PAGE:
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Background Attack Aftermath Evidence Misinformation Analysis Memorial


Legislation Rushed Into Law in the Wake of 9/11/01

The USA PATRIOT Act (Uniting and Strengthening America by Providing Appropriate Tools Required to Intercept and Obstruct Terrorism) was signed into law on October 26, 2001. The text of the bill is here.

The law was submitted to Congress by the Bush Administration on September 24th, just 13 days after the attack. Two of the Senators who attempted to slow passage of the bill, Senate Judiciary Committee Chairman Patrick Leahy and Senate Majority Leader Tom Daschle, were targeted with letters containing weaponized anthrax delivered to their offices on October 9. Russ Feingold was the only member of the Senate to vote against it. 1  


The Campaign Committee of UNITE FOR PEACE provided the following brief rundown on the potential impact of the act on freedoms:

  • Freedom of Association: Government may monitor religious and political institutions without suspecting criminal activity to assist terror investigations.
  • Freedom of Information: Government has closed once-public immigration hearings, has secretly detained hundreds of people without charges, and has encouraged bureaucrats to resist public records requests.
  • Freedom of Speech: Government may prosecute librarians or keepers of any other records if they tell anyone that the government subpoenaed information related to terror investigations.
  • Right to Legal Representation: Government may monitor federal prison jailhouse conversations between attorneys and clients, and deny lawyers to US citizens accused of crimes.
  • Freedom from Unreasonable Searches: Government may search and seize papers and effects owned by citizens without probable cause to assist terror investigations.
  • Right to a Speedy and Public Trial: Government may jail anyone indefinitely without a trial, including US citizens.
  • Right to Liberty: Anyone may be jailed without being charged or being able to confront witnesses against them.

A More Detailed Look

The American Civil Liberties Union gives a more detailed description of the provisions of the act.

  • Secret Searches: The USA PATRIOT Act expands the ability of the government to use so called "sneak and peek" and "black bag" secret searches. These searches, depending on the target, require either no notification at all of the person being searched, or delay notification until after the search has occurred. This means that physical searches of our homes, cars, computers, workplaces and reading materials can be conducted without our knowledge. These provisions apply both in anti-terrorism investigations and routine criminal investigations. aclu.org
  • Government Surveillance: The USA PATRIOT Act minimizes the power of the courts to prevent law enforcement authorities from illegally abusing certain types of telephone and Internet surveillance in both anti-terrorism investigations and run-of-the-mill criminal investigations of American citizens. Law enforcement officials have the power to investigate American citizens for criminal matters without establishing probable cause if they designate that the investigation is for "intelligence purposes." The Director of Central Intelligence also has broad authority to identify individuals as targets for intelligence surveillance, placing the CIA firmly back in the business of spying on Americans.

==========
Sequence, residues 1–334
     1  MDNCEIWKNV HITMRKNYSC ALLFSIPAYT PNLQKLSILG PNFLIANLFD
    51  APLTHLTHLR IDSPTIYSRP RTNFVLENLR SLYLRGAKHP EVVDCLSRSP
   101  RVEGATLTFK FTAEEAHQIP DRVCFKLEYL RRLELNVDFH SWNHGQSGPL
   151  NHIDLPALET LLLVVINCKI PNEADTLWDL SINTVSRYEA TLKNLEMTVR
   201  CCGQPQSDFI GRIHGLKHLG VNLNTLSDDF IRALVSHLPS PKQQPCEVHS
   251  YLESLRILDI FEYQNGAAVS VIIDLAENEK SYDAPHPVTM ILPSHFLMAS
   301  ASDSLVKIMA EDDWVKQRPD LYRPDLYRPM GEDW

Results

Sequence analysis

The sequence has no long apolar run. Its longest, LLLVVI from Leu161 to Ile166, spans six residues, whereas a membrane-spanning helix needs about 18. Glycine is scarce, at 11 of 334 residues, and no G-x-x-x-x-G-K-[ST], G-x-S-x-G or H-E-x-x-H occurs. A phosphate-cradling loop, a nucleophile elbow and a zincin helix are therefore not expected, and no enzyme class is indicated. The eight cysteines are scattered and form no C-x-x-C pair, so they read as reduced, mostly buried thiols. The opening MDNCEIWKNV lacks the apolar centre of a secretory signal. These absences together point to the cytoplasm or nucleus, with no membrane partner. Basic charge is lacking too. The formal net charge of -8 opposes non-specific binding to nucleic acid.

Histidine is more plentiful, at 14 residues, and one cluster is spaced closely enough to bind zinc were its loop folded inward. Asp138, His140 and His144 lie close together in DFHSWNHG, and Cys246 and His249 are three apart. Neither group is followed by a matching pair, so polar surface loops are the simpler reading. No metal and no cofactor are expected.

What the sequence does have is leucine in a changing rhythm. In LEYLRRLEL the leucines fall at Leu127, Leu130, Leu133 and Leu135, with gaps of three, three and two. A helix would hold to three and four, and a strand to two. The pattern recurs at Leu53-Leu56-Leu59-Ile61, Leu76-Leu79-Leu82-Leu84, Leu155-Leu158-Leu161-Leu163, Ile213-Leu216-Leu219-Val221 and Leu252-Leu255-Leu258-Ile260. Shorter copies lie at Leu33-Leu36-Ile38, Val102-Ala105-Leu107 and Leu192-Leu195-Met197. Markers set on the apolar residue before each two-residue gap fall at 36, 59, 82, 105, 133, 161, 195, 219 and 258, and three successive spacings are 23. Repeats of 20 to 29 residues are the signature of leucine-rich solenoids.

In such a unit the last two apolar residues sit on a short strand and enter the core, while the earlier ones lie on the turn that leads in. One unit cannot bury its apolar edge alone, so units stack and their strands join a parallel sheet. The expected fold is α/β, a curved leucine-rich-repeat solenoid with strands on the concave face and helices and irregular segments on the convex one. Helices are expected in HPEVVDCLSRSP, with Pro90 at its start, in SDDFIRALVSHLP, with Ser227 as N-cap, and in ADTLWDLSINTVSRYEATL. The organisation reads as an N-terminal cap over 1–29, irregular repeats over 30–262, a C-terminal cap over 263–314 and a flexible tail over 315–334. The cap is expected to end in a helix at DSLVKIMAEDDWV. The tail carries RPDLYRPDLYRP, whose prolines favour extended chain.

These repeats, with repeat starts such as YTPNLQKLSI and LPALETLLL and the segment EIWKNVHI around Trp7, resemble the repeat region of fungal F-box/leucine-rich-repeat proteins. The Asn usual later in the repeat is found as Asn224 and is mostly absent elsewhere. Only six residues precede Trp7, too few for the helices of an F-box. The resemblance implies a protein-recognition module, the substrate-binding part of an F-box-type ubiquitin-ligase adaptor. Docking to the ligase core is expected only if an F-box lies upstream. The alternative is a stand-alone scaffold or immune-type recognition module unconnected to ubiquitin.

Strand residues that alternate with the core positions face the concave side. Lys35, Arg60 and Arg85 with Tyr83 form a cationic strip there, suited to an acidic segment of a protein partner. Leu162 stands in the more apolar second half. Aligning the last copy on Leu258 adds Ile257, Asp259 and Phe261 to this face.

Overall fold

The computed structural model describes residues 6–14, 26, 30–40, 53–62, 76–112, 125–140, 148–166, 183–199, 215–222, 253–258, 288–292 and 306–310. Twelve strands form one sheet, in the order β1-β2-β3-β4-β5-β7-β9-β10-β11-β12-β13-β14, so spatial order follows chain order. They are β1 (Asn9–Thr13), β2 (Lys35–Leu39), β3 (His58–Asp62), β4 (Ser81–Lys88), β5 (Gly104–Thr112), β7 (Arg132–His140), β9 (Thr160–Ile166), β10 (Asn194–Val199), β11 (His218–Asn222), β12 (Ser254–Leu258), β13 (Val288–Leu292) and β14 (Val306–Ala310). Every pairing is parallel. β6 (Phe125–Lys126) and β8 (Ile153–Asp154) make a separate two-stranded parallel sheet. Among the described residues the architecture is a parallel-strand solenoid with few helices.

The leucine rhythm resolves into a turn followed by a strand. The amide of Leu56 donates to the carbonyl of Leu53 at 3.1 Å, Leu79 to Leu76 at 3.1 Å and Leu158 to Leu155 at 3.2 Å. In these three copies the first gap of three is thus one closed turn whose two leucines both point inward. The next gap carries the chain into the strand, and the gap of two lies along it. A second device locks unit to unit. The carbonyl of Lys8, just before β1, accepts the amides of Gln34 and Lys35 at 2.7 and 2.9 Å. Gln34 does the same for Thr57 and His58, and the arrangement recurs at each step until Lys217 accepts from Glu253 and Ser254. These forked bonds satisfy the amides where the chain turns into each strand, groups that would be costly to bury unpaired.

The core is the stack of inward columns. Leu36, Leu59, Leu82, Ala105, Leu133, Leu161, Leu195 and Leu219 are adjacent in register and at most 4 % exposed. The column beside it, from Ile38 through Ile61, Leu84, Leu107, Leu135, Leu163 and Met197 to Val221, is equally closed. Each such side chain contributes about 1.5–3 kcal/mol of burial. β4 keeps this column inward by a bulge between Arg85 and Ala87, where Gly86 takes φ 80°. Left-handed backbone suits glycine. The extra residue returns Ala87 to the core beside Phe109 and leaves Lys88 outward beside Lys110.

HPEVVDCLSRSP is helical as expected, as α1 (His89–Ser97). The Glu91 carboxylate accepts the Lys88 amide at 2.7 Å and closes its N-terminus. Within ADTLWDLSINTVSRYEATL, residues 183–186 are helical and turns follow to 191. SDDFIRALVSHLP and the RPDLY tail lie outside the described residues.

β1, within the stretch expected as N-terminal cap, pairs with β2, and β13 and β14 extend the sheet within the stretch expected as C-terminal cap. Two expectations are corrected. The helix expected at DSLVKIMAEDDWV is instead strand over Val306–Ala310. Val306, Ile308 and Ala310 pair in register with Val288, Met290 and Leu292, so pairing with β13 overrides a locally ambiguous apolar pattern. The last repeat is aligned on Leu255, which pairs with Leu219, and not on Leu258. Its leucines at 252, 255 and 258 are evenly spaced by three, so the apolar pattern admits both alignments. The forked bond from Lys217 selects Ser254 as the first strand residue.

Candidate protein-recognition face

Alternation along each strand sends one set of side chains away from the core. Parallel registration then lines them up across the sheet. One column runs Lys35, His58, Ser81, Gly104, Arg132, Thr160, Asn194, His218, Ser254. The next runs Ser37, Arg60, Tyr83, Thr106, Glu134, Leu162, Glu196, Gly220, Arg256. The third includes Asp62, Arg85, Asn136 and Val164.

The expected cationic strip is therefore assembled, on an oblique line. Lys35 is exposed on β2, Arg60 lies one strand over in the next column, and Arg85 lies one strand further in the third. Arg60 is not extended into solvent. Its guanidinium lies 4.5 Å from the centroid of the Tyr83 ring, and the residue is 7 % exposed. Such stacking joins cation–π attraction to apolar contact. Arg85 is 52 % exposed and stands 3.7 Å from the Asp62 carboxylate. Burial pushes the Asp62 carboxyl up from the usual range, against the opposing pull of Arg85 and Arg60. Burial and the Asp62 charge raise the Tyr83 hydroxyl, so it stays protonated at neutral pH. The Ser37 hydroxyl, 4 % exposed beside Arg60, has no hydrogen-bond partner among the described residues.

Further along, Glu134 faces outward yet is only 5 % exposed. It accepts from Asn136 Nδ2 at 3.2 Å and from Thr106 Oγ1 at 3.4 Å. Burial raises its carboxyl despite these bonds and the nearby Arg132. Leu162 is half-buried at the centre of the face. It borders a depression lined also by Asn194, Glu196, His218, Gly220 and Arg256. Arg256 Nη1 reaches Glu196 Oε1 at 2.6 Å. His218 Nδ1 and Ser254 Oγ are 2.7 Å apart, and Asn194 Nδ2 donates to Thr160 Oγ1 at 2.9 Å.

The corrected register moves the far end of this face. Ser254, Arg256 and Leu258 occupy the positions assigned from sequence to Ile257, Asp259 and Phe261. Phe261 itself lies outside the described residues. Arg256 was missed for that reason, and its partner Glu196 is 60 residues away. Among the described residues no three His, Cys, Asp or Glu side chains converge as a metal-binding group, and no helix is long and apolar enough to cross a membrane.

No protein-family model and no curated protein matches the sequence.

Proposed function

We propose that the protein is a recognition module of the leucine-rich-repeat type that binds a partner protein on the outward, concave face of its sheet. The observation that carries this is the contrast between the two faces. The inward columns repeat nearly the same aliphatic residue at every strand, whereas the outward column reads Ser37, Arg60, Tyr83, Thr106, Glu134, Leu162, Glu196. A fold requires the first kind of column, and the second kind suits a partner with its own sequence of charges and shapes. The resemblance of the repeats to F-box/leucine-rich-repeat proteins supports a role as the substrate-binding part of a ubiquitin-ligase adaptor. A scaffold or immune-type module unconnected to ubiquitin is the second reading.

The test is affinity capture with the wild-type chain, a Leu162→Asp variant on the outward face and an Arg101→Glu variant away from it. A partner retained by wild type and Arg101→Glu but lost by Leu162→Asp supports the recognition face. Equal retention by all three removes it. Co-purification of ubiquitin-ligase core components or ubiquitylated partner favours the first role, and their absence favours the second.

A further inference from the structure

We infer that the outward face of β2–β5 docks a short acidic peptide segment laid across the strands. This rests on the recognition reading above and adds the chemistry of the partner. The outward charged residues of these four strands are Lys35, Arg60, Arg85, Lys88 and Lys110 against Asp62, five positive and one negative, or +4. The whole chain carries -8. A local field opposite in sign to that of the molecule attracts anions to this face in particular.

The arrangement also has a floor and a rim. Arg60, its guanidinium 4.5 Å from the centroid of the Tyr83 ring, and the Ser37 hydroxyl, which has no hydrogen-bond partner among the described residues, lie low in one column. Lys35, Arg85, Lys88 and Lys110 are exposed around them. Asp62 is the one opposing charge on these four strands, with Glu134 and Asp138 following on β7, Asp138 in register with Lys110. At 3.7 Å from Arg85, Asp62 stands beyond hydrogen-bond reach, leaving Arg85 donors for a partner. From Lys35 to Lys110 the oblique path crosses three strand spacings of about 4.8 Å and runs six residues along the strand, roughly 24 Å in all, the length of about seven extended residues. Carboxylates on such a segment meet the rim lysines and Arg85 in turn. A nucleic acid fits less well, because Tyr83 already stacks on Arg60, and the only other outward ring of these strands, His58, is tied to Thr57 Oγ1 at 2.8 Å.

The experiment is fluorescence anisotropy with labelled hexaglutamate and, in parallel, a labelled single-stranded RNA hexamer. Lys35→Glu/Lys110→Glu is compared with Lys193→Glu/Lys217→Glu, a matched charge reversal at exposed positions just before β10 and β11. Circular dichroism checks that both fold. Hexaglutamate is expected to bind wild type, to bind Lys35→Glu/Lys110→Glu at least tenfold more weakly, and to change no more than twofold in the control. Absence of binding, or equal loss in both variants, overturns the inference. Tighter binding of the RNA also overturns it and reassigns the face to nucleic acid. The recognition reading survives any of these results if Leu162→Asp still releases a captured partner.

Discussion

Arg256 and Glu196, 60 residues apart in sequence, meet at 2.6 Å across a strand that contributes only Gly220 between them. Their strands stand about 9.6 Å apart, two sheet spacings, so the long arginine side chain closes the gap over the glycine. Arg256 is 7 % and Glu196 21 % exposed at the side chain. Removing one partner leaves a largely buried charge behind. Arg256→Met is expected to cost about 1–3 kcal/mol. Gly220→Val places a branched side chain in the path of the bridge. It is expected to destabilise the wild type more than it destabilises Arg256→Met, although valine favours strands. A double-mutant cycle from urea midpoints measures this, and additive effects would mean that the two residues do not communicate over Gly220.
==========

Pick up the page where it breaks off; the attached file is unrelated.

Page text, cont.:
• Privacy: The USA PATRIOT Act granted the FBI -- and, under new information sharing provisions, many other law enforcement and intelligence agencies -- broad access to highly personal medical, financial, mental health, library and student records with only the most minimal judicial oversight. The court must issue a subpoena whenever the FBI states that it is for an investigation to protect against international terrorism. The recipient of the subpoena is prohibited from telling anyone that the FBI has asked for the information. Now the FBI can get the entire database of a credit card company or the records of everyone who has used a certain public library. It can obtain information on everyone registered at a particular hotel, hospital, or university. It does not need to show probable cause that a crime is, has been, or will be committed.
  • Dissent/Free Speech: The USA PATRIOT Act has the very real potential to greatly chill constitutionally protected speech in its overbroad redefinition of "domestic terrorism." The new definition is so vague that it could allow the government to designate lawful advocacy groups, like Greenpeace and Operation Rescue, as terrorist groups and subject them to invasive surveillance, wiretapping, harassment and then criminally penalize them for protected political advocacy.
  • Bill of Rights for Non-Citizens: The USA PATRIOT Act permits the Attorney General to incarcerate or detain non-citizens based on mere suspicion and to deny re-admission to the US of non-citizens (including legal, long-term permanent residents) for engaging in speech protected by the First Amendment.

Jeffifer Van Bergen wrote a detailed 6-part analysis of the Act in April of 2002, closing with a comparison to the Alien and Sedition Acts. 3  


1. Electronic Frontier Foundation Analysis of the USA PATRIOT Act, eff.org, [cached]
2. Analysis of Justice Department draft Domestic Security Enhancement Act of 2003, aclu.org, [cached]
3. Repeal the USA Patriot Act, truthout.org, [cached]

page last modified: 2008-08-11